ECB reflections around central bank digital currencies

By Giovanni Campi and Sofia Karagianni

The digitalization of finance is accelerating during the COVID-19 outbreak. Even before the pandemic, FinTechs and BigTechs had begun to change market dynamics by offering new forms of money and new means of payment. Central banks are also looking into the future of money and payments, and at the potential issuance of digital currencies.

Yves Mersch, Member of the Executive Board of the European Central Bank (ECB) and Vice-Chair of the Supervisory Board of the ECB, gave a recent speech on this subject. Mersch underlined that currently in Europe there is a lack of a concrete business case for a Central Bank Digital Currency (CBDC). Nevertheless, this should not stop the ECB from exploring the potential optimal design of a CBDC and from making preparations in case the bank decides to issue a CBCD in the future. Mersch noted that EU citizen demand would be the main driver to accelerate a CBDC development, which is not evident since 76% of retail transactions in the Eurozone area take place through cash. For this reason, the ECB’s current focus is on examining the soundness of a retail CBDC.

As Mersch indicated, designing a retail CBCD entails legal implications that have to be thoroughly vetted. From a legal standpoint, a key concern is whether a retail CBDC could and should be usable at any location and under any condition, possibly even offline as banknotes and coins (legal tender status). In the absence of a legal tender status, its legal basis along with its relationship to euro banknotes and coins would have to be clarified. He added that there are two options for the issuance of a retail CBCD: (i) base on digital tokens; or (ii) base on deposit accounts with the central bank. While the digital tokens-based CBCD would be decentralized to allow for anonymity, it would raise concerns on the processing of transactions and the supervision of the financial intermediaries circulating it. Similarly, an account-based CBCD would increase the number of current deposit accounts offered in the EU from around 10,000 to between 300 and 500 million. More concretely, opting for an account-based CBCD could potentially affect the central bank’s role in ensuring financial stability, since the central bank would be required to establish consumer-facing services and comply with AML, consumer protection and confidentiality obligations.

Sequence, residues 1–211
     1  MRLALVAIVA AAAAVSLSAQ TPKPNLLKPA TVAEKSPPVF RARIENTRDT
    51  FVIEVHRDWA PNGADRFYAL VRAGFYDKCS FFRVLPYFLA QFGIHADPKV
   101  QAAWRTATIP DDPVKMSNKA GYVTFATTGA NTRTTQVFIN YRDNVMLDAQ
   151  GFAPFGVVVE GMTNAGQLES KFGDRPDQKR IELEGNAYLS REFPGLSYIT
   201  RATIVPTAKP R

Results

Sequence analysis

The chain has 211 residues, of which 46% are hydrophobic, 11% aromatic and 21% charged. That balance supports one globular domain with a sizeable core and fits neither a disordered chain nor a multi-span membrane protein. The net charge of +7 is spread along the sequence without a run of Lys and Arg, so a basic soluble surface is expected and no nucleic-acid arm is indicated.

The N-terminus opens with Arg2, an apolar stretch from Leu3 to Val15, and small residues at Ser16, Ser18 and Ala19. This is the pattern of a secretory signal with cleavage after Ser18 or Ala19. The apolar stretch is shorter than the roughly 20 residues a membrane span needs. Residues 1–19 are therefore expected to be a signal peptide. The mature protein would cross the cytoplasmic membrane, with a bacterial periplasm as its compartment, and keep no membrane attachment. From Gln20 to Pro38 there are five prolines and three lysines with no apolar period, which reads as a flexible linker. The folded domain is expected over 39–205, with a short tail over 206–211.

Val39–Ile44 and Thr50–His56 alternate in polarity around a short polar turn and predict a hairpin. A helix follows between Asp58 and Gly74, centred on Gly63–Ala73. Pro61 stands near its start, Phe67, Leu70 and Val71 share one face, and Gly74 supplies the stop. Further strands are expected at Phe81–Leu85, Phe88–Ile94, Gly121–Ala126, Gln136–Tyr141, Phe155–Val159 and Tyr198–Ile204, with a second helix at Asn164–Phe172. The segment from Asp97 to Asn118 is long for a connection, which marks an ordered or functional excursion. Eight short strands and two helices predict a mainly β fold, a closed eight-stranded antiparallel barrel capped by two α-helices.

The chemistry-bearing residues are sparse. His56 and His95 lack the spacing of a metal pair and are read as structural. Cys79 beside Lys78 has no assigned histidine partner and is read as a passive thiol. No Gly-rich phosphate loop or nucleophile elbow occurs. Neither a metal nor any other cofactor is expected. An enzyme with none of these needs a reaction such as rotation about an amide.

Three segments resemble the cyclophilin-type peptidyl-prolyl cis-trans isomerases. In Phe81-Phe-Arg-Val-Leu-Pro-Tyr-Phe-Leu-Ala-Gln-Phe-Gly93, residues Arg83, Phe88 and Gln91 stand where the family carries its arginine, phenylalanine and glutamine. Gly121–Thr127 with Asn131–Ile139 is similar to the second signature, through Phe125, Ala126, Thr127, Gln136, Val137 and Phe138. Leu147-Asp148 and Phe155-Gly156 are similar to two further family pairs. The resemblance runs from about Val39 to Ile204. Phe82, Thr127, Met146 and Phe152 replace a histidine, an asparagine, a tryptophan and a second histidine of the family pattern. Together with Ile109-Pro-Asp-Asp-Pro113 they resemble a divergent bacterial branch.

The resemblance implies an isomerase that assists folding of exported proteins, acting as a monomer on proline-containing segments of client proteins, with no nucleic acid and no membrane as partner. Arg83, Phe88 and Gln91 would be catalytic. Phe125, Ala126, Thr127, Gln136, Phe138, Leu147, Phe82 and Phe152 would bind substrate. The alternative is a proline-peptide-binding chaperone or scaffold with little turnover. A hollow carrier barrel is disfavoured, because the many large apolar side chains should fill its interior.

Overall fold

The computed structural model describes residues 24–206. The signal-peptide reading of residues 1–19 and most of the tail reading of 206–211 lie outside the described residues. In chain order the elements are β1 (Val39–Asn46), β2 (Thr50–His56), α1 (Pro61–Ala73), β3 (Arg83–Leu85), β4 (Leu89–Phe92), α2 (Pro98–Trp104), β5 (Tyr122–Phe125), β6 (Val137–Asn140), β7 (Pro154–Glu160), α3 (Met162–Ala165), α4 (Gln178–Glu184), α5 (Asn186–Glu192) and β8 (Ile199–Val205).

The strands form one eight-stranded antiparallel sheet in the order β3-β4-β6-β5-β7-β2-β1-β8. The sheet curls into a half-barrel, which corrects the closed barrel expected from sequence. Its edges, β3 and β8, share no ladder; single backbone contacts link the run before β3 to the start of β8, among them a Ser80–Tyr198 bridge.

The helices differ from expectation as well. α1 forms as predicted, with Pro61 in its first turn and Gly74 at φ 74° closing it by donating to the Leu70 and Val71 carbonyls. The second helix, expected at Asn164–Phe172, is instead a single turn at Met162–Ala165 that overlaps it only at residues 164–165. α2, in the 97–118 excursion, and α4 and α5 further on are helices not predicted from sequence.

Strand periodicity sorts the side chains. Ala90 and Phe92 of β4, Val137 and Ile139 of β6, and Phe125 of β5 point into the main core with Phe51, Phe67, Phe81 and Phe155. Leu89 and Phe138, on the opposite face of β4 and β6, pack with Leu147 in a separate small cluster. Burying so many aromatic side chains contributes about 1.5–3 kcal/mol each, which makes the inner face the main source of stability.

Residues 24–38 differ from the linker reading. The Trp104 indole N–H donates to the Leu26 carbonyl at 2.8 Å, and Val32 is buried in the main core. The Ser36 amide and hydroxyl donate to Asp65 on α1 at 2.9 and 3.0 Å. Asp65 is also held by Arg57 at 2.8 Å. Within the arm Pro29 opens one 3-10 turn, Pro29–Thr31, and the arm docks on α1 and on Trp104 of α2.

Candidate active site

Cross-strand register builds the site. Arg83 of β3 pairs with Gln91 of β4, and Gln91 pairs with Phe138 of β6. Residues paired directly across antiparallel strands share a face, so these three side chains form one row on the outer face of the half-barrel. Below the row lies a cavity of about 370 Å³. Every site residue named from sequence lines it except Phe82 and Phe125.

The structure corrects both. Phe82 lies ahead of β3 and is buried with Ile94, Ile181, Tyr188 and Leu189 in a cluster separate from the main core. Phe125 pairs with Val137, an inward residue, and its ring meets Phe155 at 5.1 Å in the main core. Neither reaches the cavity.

Mersch also addressed the financial consequences of introducing a retail CBCD. In the event that retail consumers could buy a CBDC from a central bank, there would be no incentives for them to entrust their deposits with retail banks. Moreover, if retail banks could not manage to offer more attractive services than those offered by a central bank, this could cause digital bank runs of unprecedented scale, which would be economically inefficient and legally untenable.

A large number of central banks are working on CBCD development around the world, according to a report issued by the Bank for International Settlements (BIS). However, the BIS report notes that most of these initiatives are still at early stages, since central banks appear not yet convinced that the CBCD benefits would outweigh costs.

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